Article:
Few dishes say “I’m an accomplished cook” more than a roast chicken. It’s also one of those deceptively simple-sounding dishes that actually needs some reverse engineering in order to get it just right. I struggled with roast chicken for years, until I met my partner, Michael, who has been perfecting the art of roast chicken his entire life. His method, in which the bird isn’t fully-trussed or stuffed, captures everything I love about uncomplicated cooking: it’s fast, smart, easy and delicious. Between this chicken and Michael’s duck-fat-roasted potatoes, I was head over heels.
- Preheat the oven to 400°F. Place the chicken breast side up on a rack on a rimmed baking sh (The rack isn’t necessary, but it helps the chicken cook more evenly; if you don’t have one that fits, just place the chicken directly on the baking sheet.) If the chicken came trussed, cut off and remove the twine.
- Pour the canola oil over the chicken and use your hands or a brush to spread it evenly all over the breast, legs and wings. Sprinkle the whole bird with salt, paying particular attention to the wings. (You can also season all over with fresh black pepper, if you like.) Stuff the parsley and lemon (if using) into the cavity. Tie the legs together with twine if you like.
- Roast 15 minutes. Reduce heat to 375°F and roast another 45 to 55 minutes or until the chicken is cooked and the skin is deeply golden and slightly crisp. If you poke a sharp knife into the meatiest bit of the thigh, the juices that run out should be clear and not pink. The temperature of the bird (taken in the fleshiest part of the thigh, without touching the bone) should be 175°F.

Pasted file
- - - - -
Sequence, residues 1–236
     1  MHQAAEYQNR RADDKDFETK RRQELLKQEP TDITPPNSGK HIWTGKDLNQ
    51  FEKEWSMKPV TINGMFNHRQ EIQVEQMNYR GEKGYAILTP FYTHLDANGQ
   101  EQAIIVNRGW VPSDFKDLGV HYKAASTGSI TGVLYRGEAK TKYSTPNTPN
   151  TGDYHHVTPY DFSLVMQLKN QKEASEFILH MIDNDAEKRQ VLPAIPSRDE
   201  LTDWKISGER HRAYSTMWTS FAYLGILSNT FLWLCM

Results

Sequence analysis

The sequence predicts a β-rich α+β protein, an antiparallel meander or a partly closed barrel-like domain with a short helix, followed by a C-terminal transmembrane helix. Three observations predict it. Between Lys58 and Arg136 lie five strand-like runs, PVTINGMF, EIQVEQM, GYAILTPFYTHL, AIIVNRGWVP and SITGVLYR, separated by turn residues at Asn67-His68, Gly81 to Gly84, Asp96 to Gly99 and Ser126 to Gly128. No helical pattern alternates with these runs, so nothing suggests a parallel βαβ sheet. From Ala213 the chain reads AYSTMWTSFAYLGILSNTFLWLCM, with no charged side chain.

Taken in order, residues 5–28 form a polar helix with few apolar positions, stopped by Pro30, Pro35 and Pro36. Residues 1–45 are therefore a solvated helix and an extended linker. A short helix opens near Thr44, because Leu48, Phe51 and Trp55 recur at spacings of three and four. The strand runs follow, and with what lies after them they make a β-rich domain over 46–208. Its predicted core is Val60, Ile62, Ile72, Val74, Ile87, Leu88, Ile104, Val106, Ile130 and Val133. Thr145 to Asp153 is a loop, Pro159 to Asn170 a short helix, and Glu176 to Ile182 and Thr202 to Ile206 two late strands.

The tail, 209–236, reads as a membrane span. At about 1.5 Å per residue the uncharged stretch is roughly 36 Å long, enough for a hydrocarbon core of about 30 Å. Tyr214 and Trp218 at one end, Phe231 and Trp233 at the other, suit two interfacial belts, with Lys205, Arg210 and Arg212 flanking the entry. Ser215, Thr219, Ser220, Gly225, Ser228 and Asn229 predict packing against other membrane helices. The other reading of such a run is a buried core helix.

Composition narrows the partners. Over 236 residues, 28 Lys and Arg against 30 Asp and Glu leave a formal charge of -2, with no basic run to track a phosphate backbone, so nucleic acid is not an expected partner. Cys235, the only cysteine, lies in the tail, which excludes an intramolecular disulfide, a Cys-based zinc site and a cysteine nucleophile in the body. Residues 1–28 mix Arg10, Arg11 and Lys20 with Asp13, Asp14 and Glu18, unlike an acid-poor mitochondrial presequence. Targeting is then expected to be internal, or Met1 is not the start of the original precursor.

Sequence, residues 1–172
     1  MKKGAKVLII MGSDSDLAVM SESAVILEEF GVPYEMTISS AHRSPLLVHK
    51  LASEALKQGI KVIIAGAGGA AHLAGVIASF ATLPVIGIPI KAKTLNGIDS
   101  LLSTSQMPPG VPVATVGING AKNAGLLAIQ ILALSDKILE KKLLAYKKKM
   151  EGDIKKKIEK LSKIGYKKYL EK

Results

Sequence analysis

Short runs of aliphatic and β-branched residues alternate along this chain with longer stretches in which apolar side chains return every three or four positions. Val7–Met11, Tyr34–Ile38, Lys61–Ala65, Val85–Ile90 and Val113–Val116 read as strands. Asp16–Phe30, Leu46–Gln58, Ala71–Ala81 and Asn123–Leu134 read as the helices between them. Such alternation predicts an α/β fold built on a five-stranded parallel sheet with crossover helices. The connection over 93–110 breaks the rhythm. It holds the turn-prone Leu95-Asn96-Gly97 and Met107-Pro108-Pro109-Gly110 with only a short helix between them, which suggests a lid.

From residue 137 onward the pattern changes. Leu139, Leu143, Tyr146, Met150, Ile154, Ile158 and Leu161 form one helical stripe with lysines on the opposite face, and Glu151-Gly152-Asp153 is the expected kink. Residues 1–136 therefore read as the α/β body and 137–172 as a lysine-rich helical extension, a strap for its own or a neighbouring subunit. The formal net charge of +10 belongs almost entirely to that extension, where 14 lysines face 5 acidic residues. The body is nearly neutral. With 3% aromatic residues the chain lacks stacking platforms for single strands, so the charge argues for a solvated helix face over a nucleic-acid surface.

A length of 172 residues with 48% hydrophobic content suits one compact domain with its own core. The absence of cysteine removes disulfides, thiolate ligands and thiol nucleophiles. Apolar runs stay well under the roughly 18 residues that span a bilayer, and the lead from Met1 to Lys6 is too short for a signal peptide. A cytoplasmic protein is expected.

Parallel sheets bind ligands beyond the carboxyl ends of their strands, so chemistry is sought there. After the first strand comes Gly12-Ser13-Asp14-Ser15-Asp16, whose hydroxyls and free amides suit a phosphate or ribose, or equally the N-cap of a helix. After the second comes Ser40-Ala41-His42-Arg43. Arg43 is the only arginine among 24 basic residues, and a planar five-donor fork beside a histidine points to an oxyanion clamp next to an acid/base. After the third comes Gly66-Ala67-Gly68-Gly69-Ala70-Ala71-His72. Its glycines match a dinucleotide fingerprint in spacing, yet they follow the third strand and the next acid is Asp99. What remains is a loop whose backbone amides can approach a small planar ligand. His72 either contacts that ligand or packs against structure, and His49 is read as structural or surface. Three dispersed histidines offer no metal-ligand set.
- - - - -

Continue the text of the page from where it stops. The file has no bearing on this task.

- Remove the bird from the oven and let it rest 15 minutes before carving. Serve drizzled with the juices from the baking sheet.
TIP #1: If you start carving the chicken and you realize that it’s not quite cooked, don’t worry. Cut off the legs and then cut the chicken in half through the breast bone. Place the pieces skin side up in a large frying pan and add all the juices from the baking sheet. Cook over medium-high heat 3 to 7 minutes or until cooked through.
TIP #2: Save the bones in a resealable plastic bag in the freezer for up to 2 months. Use them for Slow-Cooker Chicken Stock.
SECRET TO SUCCESS #1: Buy a good It’s easy to make a good chicken taste great.
SECRET TO SUCCESS #2: If time allows, put the chicken in a shallow pan and let it sit uncovered in the fridge for up to 24 hours. This lets the outside of the chicken dry, which leads to golden, crispy skin. (No time? Dry the chicken with paper towels like your life depends on it. Don’t forget the back and the cavity.)
SECRET TO SUCCESS #3: After cooking, let the chicken rest for at least 15 minutes and as much as an hour before carving. Even if you don’t follow any of the other secrets to success, follow this one—it’s a game changer!
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